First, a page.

Transcript:William G. Wierda, MD, PhD: We're going to talk a little bit about the small molecule inhibitors in a second. But just stepping back again to the chemoimmunotherapy regimens, I wonder if Susan can comment on, since we're here at ASH 2015, if there are any particularly interesting and exciting chemoimmunotherapy combinations with the small molecule inhibitors that you're looking at the abstracts and are excited about.
Susan M. O’Brien, MD: Well, I think there are many. There's a whole bunch of them, and I think the key question that always comes up when we look at that data is, and most of it's in relapsed, to be fair, we get such good results with the small molecules, how much is the chemotherapy adding? Generally, the question is being asked in reverse. If you add ibrutinib or idelalisib, because we heard about the ibrutinib BR data at ASCO and we're hearing about the idelalisib BR data here at ASH, and the point that always comes up is, do you actually get more bang for your buck than if you had just gone to the single agent?
I think probably we can't completely answer that question when we look at these analyses, because the follow-ups are very limited and it's certainly possible that by starting with chemotherapy, you may get long responses. We know CRs increase over time with the small molecules. You may get to higher CRs or more MRD negativity. But when you just look, with very short follow up in particular, at the overall response rates, that question is coming up.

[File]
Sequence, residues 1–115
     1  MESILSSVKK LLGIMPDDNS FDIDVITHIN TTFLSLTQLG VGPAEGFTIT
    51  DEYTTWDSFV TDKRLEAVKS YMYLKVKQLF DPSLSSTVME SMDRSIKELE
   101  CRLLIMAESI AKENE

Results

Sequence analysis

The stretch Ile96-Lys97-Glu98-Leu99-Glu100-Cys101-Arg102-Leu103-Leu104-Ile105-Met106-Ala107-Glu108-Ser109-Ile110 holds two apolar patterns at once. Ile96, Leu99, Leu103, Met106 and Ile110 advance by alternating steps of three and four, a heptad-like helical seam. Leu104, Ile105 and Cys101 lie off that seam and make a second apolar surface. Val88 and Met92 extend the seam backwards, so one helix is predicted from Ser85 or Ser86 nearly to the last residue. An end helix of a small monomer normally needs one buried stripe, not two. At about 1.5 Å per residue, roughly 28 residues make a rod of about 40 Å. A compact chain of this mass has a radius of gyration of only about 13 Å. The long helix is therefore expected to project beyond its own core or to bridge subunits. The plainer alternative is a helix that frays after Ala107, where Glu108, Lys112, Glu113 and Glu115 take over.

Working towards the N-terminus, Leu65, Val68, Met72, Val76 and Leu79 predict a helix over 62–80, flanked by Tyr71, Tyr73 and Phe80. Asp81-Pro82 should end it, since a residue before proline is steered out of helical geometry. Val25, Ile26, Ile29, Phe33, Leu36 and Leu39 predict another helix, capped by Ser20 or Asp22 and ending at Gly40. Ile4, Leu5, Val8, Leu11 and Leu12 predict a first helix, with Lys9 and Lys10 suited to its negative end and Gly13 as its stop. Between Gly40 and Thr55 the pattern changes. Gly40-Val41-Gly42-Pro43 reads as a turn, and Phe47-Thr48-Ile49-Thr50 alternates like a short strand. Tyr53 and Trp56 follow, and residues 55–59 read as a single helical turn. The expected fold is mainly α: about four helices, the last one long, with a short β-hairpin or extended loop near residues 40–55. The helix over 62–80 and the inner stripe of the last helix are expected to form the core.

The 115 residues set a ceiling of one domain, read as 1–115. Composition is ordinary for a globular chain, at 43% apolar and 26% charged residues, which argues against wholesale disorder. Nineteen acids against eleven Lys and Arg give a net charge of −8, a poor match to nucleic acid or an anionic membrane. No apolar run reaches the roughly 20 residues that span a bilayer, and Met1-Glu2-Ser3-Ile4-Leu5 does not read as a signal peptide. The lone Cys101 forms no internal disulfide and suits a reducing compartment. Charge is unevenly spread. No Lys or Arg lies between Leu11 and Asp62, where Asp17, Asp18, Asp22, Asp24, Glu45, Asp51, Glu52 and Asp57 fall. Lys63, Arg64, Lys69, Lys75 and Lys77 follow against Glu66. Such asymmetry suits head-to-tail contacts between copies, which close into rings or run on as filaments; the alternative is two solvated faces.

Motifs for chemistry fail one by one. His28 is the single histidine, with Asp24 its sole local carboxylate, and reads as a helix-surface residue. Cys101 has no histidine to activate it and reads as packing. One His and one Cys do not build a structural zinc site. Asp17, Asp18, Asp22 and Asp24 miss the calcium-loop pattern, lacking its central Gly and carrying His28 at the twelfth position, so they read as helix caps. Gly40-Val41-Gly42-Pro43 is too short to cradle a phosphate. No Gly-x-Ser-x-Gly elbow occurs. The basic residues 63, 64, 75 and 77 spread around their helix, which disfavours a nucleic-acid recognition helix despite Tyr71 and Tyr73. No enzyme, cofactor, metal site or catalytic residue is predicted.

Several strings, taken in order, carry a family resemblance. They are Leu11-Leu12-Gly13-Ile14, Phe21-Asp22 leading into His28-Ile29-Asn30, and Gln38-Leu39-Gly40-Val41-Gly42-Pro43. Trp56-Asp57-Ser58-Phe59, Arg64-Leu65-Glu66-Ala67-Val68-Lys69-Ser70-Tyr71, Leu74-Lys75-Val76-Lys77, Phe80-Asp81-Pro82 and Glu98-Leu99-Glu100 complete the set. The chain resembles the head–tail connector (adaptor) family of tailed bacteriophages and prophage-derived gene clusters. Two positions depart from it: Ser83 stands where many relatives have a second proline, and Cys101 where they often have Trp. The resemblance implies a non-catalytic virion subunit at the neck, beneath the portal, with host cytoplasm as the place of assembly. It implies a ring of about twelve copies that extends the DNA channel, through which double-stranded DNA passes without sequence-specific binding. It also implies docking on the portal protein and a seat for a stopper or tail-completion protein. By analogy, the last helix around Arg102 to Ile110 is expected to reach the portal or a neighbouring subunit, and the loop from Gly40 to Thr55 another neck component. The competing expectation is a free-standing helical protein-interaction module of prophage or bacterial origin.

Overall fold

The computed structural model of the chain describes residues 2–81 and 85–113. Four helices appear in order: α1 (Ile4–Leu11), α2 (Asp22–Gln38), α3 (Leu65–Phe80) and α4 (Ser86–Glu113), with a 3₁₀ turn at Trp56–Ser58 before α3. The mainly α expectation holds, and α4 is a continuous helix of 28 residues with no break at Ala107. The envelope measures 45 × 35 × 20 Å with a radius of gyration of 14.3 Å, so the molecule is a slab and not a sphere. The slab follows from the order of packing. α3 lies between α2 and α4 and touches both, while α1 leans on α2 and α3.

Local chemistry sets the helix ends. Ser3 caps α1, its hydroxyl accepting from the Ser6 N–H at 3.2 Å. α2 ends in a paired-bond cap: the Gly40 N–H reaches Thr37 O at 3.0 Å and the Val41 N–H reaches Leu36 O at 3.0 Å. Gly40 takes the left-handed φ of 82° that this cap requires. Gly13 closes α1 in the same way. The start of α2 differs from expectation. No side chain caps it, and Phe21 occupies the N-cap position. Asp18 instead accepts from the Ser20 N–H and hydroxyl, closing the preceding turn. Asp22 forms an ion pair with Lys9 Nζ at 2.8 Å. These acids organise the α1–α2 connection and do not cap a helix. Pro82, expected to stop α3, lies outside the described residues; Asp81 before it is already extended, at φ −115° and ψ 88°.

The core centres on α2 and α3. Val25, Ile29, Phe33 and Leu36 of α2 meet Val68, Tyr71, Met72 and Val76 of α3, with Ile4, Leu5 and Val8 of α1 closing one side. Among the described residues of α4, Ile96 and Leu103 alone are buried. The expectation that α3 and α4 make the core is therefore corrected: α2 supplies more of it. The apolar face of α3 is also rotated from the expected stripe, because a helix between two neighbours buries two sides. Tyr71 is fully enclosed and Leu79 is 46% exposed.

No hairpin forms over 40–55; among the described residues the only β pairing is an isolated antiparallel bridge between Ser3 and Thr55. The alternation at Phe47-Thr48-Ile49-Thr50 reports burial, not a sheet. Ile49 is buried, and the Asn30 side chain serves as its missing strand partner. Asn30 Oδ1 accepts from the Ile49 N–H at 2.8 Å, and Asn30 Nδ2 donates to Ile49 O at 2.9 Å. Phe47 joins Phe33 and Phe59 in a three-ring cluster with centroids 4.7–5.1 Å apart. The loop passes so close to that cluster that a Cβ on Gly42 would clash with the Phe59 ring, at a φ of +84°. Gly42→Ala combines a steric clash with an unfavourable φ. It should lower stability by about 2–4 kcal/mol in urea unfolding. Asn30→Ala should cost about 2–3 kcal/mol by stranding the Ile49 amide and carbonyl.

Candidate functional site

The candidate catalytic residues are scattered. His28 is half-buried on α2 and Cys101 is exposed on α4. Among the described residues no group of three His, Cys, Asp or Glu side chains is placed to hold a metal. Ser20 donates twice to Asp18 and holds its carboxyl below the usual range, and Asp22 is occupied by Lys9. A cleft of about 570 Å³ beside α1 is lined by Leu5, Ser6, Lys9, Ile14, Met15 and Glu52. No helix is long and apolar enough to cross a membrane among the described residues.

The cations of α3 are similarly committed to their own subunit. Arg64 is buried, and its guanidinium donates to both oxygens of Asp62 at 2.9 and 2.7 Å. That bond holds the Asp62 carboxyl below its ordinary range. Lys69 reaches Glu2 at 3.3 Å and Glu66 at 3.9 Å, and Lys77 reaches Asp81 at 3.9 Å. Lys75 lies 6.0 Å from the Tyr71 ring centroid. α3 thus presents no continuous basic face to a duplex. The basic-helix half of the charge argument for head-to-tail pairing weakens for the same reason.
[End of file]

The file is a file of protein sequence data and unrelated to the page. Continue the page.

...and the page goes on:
Again, most of these trials have not been done in the front-line setting where you get so much more benefit from chemotherapy than you ever get when you give it to a relapsed patient. So it might be that in the front-line setting it really may be different. Of course, then what confounds how you're going to use that is this whole discussion that we were talking about earlier about, do we just want to get away from chemotherapy and not even use it in the first place? So, I think what we do know is that you can give the small molecule inhibitors with chemotherapy. The real question is, where's that going to go? What's going to be the role for that? And I'm not very clear on that.
William G. Wierda, MD, PhD: I agree. I think there's a lot of interesting data and a lot of interesting trials that are ongoing now with these combinations. And the endpoint is really an issue here. I'd like to move on now. An FDA decision is expected this month for a new rapid-infusion formulation of bendamustine. A phase I trial that includes 81 patients showed that a 50 mL admixture of rapid infusion bendamustine could be delivered over 10 minutes and it was bioequivalent to Treanda given in a 500-mL admixture, which required 60 minutes to infuse. Tom, could you comment on what you think the community relevance of this is?
Thomas J. Kipps, MD, PhD: I think you have to certainly respect the patient. We call them patient because they keep waiting for treatment, and they have lives, too. And so anything that can shorten the time in the infusion chair can potentially help the patient. I must say that bendamustine is very commonly used here in the United States in combination with either rituximab or increasingly obinutuzumab.